Besides, if you need a birthright to have a sense of value as a human being, what good are you in the first place? That’s like Dave Pack, where he’s got to trace his ancestry through kingly, priestly lines to establish credibility. My work every day for my customers establishes mine.

Mark Armstrong, Steve Bannon, and President Trump can’t rob me of the ways in which I’ve been enriched by multi-culturalism. So glad I got to live during the best era of history!

BB

Byker Bob said...

Hey, I was just thinking. If everyone ate Mexican food, you wouldn’t have to do the Rye Krisp and Matzo thingie if you happened to keep a certain Old Covenant festival. Tortillas taste so much better! Flan is also a delicious desert, and isn’t puffed.

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RSK said...

Ha! True. Its corn based instead of wheat, so if you go for a preColumbian diet, you've got it made!

Anonymous said...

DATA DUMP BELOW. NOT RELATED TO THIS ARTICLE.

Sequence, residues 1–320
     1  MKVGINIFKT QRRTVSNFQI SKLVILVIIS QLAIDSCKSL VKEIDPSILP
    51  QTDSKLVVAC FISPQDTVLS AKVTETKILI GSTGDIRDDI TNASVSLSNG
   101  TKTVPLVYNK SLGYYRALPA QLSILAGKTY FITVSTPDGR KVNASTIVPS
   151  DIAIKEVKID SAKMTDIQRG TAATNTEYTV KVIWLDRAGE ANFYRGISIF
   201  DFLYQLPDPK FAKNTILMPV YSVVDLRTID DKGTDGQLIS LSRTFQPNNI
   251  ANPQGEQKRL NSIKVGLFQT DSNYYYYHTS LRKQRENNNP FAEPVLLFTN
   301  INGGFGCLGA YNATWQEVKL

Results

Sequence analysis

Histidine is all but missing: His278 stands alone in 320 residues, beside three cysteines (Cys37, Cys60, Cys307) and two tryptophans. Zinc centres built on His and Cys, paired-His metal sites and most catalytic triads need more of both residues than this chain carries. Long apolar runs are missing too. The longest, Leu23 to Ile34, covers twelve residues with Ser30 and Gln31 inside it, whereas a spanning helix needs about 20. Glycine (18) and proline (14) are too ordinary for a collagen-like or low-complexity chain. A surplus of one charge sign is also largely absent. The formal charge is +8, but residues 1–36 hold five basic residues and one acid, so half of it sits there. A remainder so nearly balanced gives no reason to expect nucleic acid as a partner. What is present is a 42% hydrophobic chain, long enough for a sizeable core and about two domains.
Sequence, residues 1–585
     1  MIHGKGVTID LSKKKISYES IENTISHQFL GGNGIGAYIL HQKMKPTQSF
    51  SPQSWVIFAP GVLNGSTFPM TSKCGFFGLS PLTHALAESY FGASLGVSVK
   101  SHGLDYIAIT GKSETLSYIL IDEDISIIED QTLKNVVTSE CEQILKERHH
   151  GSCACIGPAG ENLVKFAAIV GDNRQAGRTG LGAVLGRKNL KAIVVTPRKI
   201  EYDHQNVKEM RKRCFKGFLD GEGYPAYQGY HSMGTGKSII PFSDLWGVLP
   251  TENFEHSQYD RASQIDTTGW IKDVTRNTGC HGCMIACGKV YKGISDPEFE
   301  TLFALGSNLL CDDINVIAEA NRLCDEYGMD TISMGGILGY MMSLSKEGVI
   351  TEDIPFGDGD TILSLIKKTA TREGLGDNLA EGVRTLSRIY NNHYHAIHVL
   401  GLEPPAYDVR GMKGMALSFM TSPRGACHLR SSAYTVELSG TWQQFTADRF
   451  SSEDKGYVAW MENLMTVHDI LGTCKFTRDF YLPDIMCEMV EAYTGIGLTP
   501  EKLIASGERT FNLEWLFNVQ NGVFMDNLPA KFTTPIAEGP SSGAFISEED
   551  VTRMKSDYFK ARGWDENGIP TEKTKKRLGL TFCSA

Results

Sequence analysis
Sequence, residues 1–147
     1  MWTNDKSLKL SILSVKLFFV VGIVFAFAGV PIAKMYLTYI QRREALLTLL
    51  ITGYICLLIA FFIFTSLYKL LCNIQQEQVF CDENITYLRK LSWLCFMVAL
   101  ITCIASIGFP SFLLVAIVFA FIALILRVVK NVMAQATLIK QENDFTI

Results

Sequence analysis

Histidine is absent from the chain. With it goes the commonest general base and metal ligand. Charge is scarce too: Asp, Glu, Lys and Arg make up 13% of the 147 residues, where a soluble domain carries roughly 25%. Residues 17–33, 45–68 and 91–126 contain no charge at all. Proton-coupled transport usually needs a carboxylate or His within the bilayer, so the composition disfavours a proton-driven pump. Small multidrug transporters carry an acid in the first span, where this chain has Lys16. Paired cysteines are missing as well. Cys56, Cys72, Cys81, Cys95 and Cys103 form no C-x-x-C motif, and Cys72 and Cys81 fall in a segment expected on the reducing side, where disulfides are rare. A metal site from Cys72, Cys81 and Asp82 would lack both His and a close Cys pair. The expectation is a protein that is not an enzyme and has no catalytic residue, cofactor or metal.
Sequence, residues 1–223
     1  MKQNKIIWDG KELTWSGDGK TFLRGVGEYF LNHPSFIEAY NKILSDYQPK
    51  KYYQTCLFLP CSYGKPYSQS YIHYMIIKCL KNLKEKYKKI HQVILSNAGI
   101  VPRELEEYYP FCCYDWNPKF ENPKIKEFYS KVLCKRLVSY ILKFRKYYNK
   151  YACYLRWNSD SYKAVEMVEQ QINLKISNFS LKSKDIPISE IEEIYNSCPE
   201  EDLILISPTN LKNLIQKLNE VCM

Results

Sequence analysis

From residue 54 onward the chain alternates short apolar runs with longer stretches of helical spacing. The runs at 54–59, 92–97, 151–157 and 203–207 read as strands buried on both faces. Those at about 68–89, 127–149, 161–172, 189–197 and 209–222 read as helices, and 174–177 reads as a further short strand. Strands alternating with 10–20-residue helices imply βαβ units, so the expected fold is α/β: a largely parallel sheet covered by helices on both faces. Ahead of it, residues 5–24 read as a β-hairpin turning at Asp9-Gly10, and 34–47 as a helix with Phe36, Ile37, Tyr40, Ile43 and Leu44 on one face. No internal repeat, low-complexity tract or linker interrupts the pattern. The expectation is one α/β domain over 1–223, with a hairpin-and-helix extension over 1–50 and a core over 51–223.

The bandwagon fallacy applies to those who think that something is true because most scientists believe it. There are often other scientists, lesser known, with different views.

Anonymous said...

The typical cosmologist does not have time to investigate all 25 possible explanations for the red shift, so he just "goes with the flow" and hopes that the majority opinion is correct.

This kind of thing happens a lot. Nobody really seems to know how much of what scientists think is true is really accurate. In fact, it might be unknowable, since there seems to be no objective process for finding out.

Ronco said...

"The bandwagon fallacy applies to those who think that something is true because most scientists believe it. There are often other scientists, lesser known, with different views."

Here's one:

http://geraldschroeder.com/wordpress/?page_id=211

Byker Bob said...

Could you enumerate all 25 possible explanations for us here? Unlike the scientists, we seem to have all manner of time here, and I for one find this fascinating. If you know more than the basic Doppler theory, by all means, please share! There’s also blue.

BB